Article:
Scientists sort out the secrets of bubble-rafting snails

Illustration for article titled Scientists sort out the secrets of bubble-rafting snails

For years, scientists have marveled at the seafaring abilities of snails like Janthina janthina (pictured above), which produce a biological bubble-wrap that enables them to float just below the water's surface in oceans around the world.


How some snails evolved to produce these sticky life rafts has long been a mystery. But now, a team of ecologists believes they've found the missing link that allowed snails to rise from the bottom of the sea to the top.

According to Celia Churchill—first author on the paper describing the research team's findings—scientists have long known that these flotation devices were made from mucus that snails secrete from their feet. This mucus is folded over onto itself to trap tiny pockets of air and give rise to little snail-sized rafts.

"If you're into mucus, it's a fascinating mucus," says Churchill. "It's almost like bubble wrap."

According to the research team's paper, published in the latest issue of Current Biology, there were two basic hypotheses for how these self-generated flotation devices might have evolved. The first stated that the bubbles were simply a more sophisticated example of a technique known as "droguing," whereby young snails produce a thin thread of mucus that lets water currents transport them over large distances. The second stated that bubble-rafting techniques had evolved from the behaviors of a group snails called wentletraps, which are evolutionarily related to floating snails like J. janthina. Wentletraps live at the bottom of the sea, but when they reproduce, the female members of the species wrap their developing eggs in globs of sand and mucus that closely resemble the beginnings of a floating-snail's raft.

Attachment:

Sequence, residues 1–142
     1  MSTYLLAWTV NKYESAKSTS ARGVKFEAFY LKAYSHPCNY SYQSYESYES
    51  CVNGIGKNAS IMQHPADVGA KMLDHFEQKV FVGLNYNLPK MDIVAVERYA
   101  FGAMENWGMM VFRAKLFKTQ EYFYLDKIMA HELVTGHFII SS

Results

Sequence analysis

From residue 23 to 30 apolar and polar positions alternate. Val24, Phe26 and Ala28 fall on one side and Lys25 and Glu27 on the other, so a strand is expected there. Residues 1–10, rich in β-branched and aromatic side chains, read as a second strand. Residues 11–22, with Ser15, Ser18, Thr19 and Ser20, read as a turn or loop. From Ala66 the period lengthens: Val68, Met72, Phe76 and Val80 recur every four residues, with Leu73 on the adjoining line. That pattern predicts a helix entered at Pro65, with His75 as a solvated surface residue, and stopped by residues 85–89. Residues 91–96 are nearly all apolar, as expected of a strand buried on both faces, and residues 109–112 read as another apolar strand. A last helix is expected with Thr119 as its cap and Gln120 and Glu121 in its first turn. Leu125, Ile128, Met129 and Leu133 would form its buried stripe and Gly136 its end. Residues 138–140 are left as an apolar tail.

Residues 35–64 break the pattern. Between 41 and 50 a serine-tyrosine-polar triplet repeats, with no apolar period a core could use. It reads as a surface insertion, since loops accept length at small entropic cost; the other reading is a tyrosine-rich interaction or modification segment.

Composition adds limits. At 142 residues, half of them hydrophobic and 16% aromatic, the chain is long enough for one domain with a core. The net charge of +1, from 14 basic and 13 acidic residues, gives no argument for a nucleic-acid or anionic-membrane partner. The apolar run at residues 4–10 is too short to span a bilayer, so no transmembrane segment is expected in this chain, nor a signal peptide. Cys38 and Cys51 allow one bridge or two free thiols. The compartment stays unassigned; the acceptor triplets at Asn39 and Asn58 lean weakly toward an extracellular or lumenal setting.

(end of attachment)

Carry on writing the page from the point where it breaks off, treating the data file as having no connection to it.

Illustration for article titled Scientists sort out the secrets of bubble-rafting snails

In order to determine which hypothesis was correct, however, the researchers needed a specimen to bridge the developmental gaps. That specimen came in the form of a rare Australian floating snail belonging to the genus Recluzia, pictured here.


"I started to dissect it, and when I pulled the float away, I noticed that there were tiny Recluzia on the float and egg capsules of the large female," said Churchill.

Churchill's find suggests that Recluzia's egg-carrying/floatation technique evolved out of the the mucous egg masses of sea-floor snails like wentletraps. Moreover, it represents an evolutionary transition between ocean-floor snails and bubble-floaters like janthinids, many of whom no longer use the bubble rafts for purposes of reproduction.


Current Biology (doi:10.1016/j.cub.2011.08.011) via Science



"If you're into mucus..." ... Wellll - not that much, really, no.....